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Expert says lockdown did not stop cocaine abuse with some users 'snorting' in garden shed

A new report from the Health Research Board (HRB) shows a spike in people seeking help for cocaine abuse
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Niall Donald

A leading addiction expert has claimed many cocaine users continued to abuse the drug in the family home during Ireland strict Covid lockdown.

Dr Garrett McGovern, from the Priory Medical Clinic, said there has been a huge increase in the number of Irish people coming forward for cocaine dependence over the last "five or six".

And he claimed the Covid restrictions, including the closure of nightclubs and pubs, did not stop users taking the drug.

Dr McGovern told Newstalk Breakfast that he knew of cases where men were "snorting" the drug in their garden shed.

Dr McGovern was speaking as a new report from the Health Research Board (HRB) showed Ireland now has the second-highest proportion in Europe of 15- to 24-year-olds who have used cocaine and ecstasy at least once.

"The amount of presentations over the last couple of years - and understandably so, cause people were holed up in the house - men going out to garden sheds away from their wife and kind of snorting away for the evening."

He added: "It's very, very grim".

The report also details an increase of more than 170 per cent in the number of young people treated for cocaine use between 2011 and 2019.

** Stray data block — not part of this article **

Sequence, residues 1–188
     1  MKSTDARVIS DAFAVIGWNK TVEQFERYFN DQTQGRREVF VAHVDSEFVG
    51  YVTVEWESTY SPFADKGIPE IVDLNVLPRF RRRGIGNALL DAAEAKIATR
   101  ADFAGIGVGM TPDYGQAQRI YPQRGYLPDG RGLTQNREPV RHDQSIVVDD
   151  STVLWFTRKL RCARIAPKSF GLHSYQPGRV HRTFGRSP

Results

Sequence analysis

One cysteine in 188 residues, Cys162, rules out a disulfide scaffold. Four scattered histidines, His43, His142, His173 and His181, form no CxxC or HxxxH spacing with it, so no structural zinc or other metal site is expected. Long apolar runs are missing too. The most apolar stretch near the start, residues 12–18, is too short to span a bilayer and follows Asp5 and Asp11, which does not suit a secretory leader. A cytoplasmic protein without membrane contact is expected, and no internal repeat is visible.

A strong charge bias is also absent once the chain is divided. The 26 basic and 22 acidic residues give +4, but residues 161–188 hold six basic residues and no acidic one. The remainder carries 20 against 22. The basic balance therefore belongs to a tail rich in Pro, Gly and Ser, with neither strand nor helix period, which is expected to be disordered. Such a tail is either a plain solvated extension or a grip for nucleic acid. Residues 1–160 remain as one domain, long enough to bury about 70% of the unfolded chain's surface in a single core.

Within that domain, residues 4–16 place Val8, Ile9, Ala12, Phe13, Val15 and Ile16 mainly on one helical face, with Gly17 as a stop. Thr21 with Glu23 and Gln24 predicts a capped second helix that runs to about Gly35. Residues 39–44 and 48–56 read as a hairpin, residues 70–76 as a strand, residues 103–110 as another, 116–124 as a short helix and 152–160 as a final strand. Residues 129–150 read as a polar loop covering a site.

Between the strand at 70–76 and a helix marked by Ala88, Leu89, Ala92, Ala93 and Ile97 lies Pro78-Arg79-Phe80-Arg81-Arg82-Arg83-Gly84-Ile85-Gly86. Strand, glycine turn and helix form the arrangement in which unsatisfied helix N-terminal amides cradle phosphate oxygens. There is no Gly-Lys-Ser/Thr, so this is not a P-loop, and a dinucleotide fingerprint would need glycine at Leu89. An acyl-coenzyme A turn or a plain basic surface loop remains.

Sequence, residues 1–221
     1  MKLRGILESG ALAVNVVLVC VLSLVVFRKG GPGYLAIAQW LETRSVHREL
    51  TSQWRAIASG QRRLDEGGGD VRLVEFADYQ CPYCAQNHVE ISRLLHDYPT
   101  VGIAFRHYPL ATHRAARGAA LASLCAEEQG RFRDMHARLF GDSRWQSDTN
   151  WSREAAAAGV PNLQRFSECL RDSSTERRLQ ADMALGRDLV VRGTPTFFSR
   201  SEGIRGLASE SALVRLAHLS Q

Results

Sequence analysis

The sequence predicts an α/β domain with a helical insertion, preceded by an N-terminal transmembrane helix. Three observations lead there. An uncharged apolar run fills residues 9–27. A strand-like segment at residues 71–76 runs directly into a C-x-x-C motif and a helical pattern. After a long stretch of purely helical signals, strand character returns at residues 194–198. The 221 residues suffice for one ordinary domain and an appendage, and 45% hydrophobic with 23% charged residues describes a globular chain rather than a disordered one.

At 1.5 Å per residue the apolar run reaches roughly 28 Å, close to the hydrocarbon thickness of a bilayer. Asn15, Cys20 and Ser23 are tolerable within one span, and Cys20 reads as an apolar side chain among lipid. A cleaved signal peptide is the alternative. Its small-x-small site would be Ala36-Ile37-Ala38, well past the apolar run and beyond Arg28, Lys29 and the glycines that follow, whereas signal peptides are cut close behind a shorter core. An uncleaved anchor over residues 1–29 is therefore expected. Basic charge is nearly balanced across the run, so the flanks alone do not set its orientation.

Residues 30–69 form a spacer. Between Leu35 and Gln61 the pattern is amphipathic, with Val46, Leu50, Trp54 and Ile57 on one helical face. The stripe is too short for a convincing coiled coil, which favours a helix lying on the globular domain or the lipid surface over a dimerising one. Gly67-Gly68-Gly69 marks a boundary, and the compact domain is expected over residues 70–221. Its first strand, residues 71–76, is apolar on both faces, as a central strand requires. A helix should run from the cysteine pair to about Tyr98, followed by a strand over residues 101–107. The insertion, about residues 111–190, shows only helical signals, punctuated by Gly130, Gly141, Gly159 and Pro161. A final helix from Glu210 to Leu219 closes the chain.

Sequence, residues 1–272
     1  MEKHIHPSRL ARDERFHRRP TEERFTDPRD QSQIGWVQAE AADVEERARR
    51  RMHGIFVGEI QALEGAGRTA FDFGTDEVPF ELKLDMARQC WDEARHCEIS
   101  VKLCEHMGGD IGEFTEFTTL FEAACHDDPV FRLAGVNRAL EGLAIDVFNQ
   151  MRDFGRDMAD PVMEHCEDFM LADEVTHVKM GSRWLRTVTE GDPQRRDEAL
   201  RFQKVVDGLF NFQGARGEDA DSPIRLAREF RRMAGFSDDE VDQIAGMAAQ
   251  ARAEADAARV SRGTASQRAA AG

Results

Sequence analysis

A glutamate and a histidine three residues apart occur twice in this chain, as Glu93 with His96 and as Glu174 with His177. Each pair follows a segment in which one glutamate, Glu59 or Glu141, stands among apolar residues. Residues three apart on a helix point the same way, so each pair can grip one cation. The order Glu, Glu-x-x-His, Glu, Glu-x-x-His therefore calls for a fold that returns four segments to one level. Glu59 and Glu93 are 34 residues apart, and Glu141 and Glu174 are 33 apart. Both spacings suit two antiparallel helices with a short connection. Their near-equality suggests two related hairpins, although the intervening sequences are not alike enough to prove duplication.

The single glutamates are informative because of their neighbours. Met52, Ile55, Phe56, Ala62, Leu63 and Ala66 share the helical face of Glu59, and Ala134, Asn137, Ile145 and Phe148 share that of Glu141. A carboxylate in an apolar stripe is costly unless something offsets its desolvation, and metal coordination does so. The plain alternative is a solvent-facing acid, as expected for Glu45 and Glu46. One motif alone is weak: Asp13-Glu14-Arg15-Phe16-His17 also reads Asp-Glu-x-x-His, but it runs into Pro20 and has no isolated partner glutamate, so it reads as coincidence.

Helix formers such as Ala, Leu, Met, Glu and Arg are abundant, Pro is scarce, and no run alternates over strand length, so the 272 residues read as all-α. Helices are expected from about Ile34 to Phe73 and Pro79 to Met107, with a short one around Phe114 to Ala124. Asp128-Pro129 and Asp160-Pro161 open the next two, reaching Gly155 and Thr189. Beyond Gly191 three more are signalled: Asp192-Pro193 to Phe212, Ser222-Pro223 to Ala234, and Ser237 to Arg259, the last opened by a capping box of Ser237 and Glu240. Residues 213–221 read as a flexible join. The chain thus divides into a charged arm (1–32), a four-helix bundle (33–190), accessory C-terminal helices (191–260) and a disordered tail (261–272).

Dr Garrett McGovern said there has been a spike in the number of people seeking help for cocaine use.

"We're seeing an awful lot in frontline treatment services, a huge increase in people coming forward for treatment for cocaine dependence.

"Sometimes you're not sure whether there's an increase in actual use - or more of an increase in awareness about cocaine and its ill-effects, and the fact that there are treatment options out there.

"But I think there's no doubt that over the last number of years, probably over the last five or six years, there has been a huge increase in cocaine presenting for treatment - and particularly in young people".

The new HRB report also reveals how more than a third of young people who drink alcohol are engaged in “hazardous or harmful drinking”.

The number of hospital emergencies involving drunk or high 15-24 year olds has increased by 26 percent, with an increase of 83 per cent of these case also involving cocaine.

But Dr McGovern told Newstalk Breakfast that health messages are not reaching some young people.

"There's absolutely no question that our own relationship with alcohol has an effect on our children.

"We are very permissive about alcohol in this country, it's a real problem.

"We've had the introduction of minimum unit pricing which will help, it'll only go part of the way.

"I think we really need to look at, overall, the culture - this is going back, I'd like to say decades, possibly going back centuries.

"Even abroad we have a bit of a reputation as big drinkers in this country, and we sort of revel in it and laugh in it.

"But if you look at any Emergency Department in this country - and any hospital bed in this country - if you look at reasons why people are in hospital beds in this country.

"One of the risk factors for many of those illnesses in those beds is actually the relationship with alcohol."

He added: "But yet our message of prevention has been completely lost".


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